Donne Virtuose - Music By Remarkable Women
Turns out women wrote classical music too. (RIGHT? Come on, I can't be the only who wants to throw a geek parade with french horns over this.) Featuring female composers who bucked social restrictions to write arias and instrumental sonatas, the program is performed by soprano Jennifer Ellis Kampani and violinists Rob Diggins and Jolianne von Einem. Composers in question are: Francesca Caccini from the Medici Court, Venetian intellectual Barbara Strozzi, Isabella Leonarda from a Novarese convent, and Elisabeth Jacquet de la Guerre of the Parisian aristocracy. There probably won't be a parade. (BUT THERE SHOULD BE.)
You can check 7x7's concert roll on the right-hand side of the homepage for concerts of the rock, pop and dance varieties, but for the more classical-music inclined, here's our roundup what we're anticipating to be the best performances of the month.
Los Angeles Guitar Quartet
Masters at classical guitar genre-bending (their repertoire jumps from Bach to bluegrass to samba to African drum circle), the Grammy-winning Los Angeles Guitar Quartet plays Herbst Theatre next weekend. Known on Youtube for its deconstructed version of Pachelbel’s Canon (check it out here), the group has been together for thirty years, playing inventive, critically acclaimed music around the world.
Edgar Meyer is a musician whose chops have been called transcendent and unrivaled and it’s possible yours truly pulls CDs off the rack and exclaims, “Ooh, Edgar Meyer!” before spending entirely too much money at Amoeba.A musical master of everything from the mandolin to the viola de gamba, Meyer plucks the double bass from quivering obscurity and propels it into the spotlight. Called “the most remarkable virtuoso in the relatively unchronicled history of his instrument” by The New Yorker, Meyer is generally hailed as the best bassist alive.
Bach tossed in every available orchestral instrument when he composed the Brandenburg Concertos, a canny move that was labeled daring by his contemporaries and possibly cemented his status as the James Dean of Baroque. The following two hundred years mellowed the Brandenburg Concertos into beloved classics - and the newly minted string ensemble Archetti's eloquent performance is just in time for Mother's Day. Assuming your mom is into rebellion, 18th Century-style.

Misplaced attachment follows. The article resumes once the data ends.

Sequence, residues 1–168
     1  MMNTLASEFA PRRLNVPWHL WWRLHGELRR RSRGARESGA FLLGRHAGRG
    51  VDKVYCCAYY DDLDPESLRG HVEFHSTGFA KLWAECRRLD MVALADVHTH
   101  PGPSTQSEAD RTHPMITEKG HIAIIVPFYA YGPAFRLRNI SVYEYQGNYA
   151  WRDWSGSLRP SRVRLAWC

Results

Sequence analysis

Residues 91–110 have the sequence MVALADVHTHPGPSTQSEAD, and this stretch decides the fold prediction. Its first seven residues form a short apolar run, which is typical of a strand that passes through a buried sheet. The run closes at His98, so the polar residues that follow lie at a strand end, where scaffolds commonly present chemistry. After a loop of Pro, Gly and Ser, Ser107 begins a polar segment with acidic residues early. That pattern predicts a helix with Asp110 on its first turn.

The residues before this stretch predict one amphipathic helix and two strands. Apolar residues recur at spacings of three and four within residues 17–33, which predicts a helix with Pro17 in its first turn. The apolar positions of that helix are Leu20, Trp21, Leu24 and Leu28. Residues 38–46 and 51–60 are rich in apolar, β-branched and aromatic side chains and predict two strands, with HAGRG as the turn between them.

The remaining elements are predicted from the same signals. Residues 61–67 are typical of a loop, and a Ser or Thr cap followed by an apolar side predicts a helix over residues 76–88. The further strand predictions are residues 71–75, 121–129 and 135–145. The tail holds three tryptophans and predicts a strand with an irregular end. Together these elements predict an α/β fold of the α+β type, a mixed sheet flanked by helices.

May 9-10, 3 p.m. Herbst Theatre, 401 Van Ness. Tickets are $32-42 at (415) 392-4400.
Bobby McFerrin: You probably recognize Bobby McFerrin and his irrepressible grin from "Don't Worry Be Happy" (and you're probably cringing at the memory of the two baggy neon-hued t-shirts you were wearing at the time). But he's not just an '80s hit - Bobby McFerrin joined the noble ranks of Those Who Alter Music History when his nimble vocal chords blasted through what used to be considered the boundaries of the human voice. Sounding in turn like a saxophone, an operatic soprano, or an avian chorus, Mr. McFerrin often performs alone onstage, singing multiple parts in a capella and providing rhythm with his voice or his body.
Lisa Bielawa's Kafka Songs
Described by The New York Times as "ruminative, pointillistic and harmonically slightly tart", Lisa Bielawa's music often draws from literary inspirations - this time from the more introspective of Franz Kafka's writings. Seven songs for violin and vocals (all performed by Carla Kihlstedt) comprise the aptly named Kafka Songs, in a program that also includes selections from Jürg Frey and Chou Wen-chung.
Jewish Community Center, 3200 California Street. March 4. Info at www.jccsf.org.
Sarah Chang in Recital
Quarteto Vivace Brasil: Young hipsters of the male persuasion tend to refer to Brazil as "that place with the hot girls" - with an occasional reference to tango (where there are also hot girls). But in addition to the women and the rainforests, Brazil also has some stunning classical music, namely, Quarteto Vivace Brasil. The quartet features some of Brazil's best musicians - two guitarists, a percussionist, and a flautist - who play with an energy that makes Brazilian sambas and Argentinian tangos pop. Their premiere U.S. tour will also feature selections by Handel, Bizet, and American ragtime. No word on how hot the musicians are, but once they start to play, you'll probably stop caring.
By performing chamber music in bars and cafes, Classical Revolution aims to alter people's perception of classical music; namely, that it's inaccessible and the bastion of gray-haired octogenarians. By playing in venues of the young and hip, local artists of varying pedigree - students or recent grads of top conservatories and accomplished non-professional musicians - help thread classical music through San Francisco's nightlife. Proving that classical music is still relevant, no matter what Lady GaGa might tell you.
Revolution Café, 3248 22nd St. every Sunday night. For information, visit www.classicalrevolution.org.
October in our fair city is definitely a-buzz. Last week, San Francisco swayed to the sounds of the renown Bluegrass Festival. This weekend, it's President's Cup golf tourney and the Blue Angels.
But with the season’s lengthening shadows and rain on the horizon, doesn’t a night at home listening to great music sound divine?